MIAMI— New routes mean inaugural flight parties and Air New Zealand stepped up to the plate this week with the launch of service from its hub at Auckland to Houston, Texas. The new route is the longest in the company’s network and offers an opportunity for the carrier to show off what its CEO calls its “fired up, highly engaged” staff and “great Kiwi food and wine” in transporting passengers to and fro. Airways News was hosted in the carrier’s Premium Economy cabin on the Boeing 777-200ER for the trip, offering the opportunity to put the service and cabin through the paces.
The entire Air New Zealand operation is keen on the new route; during domestic flights earlier in the week adverts for the Houston service were spotted in the rotation on the overhead IFE systems. Similarly, the airport was adorned with posters celebrating the new service.
Travelers on the inaugural were treated to a special reception in the lounge (assuming they had access via premium cabin or elite status) with passed canapés and beverages, plus the opportunity to mingle with company executives, many of whom were also on the flight. This selection was arguably a downgrade from the impressive spread of food and drinks available, but it was offered without needing to walk around. Naturally, I chose to try both options for research.
There were no big speeches nor over-the-top events at the boarding gate though there were signs celebrating Texas culture and mini pecan pies given out to passengers prior to boarding.
Once on the aircraft it was clear that this would be a special flight. The “Kia Ora Y’all” theme for the trip was on the headrests and travelers in Premium Economy and Business received a special amenity kit to commemorate the event.
Shortly after the plane lifted off the runway at Auckland the party quickly resumed. Passengers were once again up mingling and enjoying the experience. Drink service was something of a challenge with everyone in the aisles but the crew made it work.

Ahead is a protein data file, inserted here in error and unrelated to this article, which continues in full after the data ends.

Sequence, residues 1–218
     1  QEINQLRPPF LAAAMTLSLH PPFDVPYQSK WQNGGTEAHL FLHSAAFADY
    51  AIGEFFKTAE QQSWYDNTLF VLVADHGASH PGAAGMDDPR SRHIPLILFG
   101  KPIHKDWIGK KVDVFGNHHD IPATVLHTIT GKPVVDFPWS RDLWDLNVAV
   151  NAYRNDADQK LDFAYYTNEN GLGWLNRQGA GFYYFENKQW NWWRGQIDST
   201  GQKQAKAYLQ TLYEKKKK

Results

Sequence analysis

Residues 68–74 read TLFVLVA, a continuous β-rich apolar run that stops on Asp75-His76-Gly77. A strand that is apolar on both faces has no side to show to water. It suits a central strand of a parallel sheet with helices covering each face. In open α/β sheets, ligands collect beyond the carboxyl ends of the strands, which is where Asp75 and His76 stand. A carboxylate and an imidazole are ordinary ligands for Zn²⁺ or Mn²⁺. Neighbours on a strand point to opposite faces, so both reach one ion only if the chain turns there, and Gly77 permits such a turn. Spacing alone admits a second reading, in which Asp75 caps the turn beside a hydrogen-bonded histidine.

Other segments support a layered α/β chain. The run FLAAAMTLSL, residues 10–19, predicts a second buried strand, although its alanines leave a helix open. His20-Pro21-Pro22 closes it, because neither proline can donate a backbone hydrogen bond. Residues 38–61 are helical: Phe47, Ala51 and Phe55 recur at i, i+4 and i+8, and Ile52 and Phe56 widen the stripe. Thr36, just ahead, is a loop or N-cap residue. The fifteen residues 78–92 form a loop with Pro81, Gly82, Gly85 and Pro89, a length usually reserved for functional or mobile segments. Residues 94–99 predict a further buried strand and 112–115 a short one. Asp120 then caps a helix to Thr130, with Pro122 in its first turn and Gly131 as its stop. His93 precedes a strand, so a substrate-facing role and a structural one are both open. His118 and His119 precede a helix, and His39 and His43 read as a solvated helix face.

The US Ambassador to New Zealand was also on board, showing off his selfie skills with passengers throughout the plane.
Eventually the crowd was subdued and settled in for the meal service. Catering was upgraded for the inaugural flight, offering an extra choice for each of the meal courses; it was akin to Business Class rather than the typical Premium Economy fare (which is still a solid offering). I had the smoked salmon appetizer, beef short rib main (not my first choice, but good texture & sauce flavor) and the apple tart for dessert.
One interesting quirk on the catering cart: Havana Club Especial was the rum of choice for the flight in to Texas. Needless to say, I do not expect that it will be the same option for the return segment. Also, it is delicious with an apple tart.
Following the meal I settled in for a movie and some sleep. The IFE system is based on the Panasonic eX2 platform but Air New Zealand “customized the hell out of it” as it was incorporated into the fleet. The menus and operation are smooth and responsive, both from the handset control or the touch screen. The moving map (still my favorite channel) allows touch screen based pan and pinch-to-zoom with spectacular levels of detail. It is one of the best eX2 implementations I’ve had the opportunity to fly with.
The newer Premium Economy product on the 772 presents a downgrade from the 777-300ER in that the cabin layout goes from 2-2-2 to 2-4-2 meaning some passengers will be stuck in a middle seat. The loss of seat width and switch from the more plush arm chair-style layout has its drawbacks but also some positives. Legroom is significantly improved on the newer version as is recline.
There is also an integrated leg rest in all rows, a benefit many other carriers skip out on in their premium economy layouts. Padding, recline and comfort are all impressive, matching the service quality offered on board. And the true test of the product is the sleep which results. I was out for 7 of the 13 hours on the flight. That’s a big win.
The flight path brought us in over the Mexico/US border near Laredo and then up to land in Houston where the flight was welcomed by Kapa Haka dancers at the gate and in the arrivals area.
Air New Zealand’s CEO quipped a few times during the associated events that many in the USA are geography challenged and assume that New Zealand is further away than it really is. The flight is a significant one but the jetlag impact is relatively small; there is only a 5 hour difference between Auckland and Houston (though also a day difference, though that doesn’t impact jetlag). With the well timed flights that minimal difference is relatively easy to absorb, making the trip easier once on the ground as well.
As mentioned above, Air New Zealand paid for the flights; opinions are my own.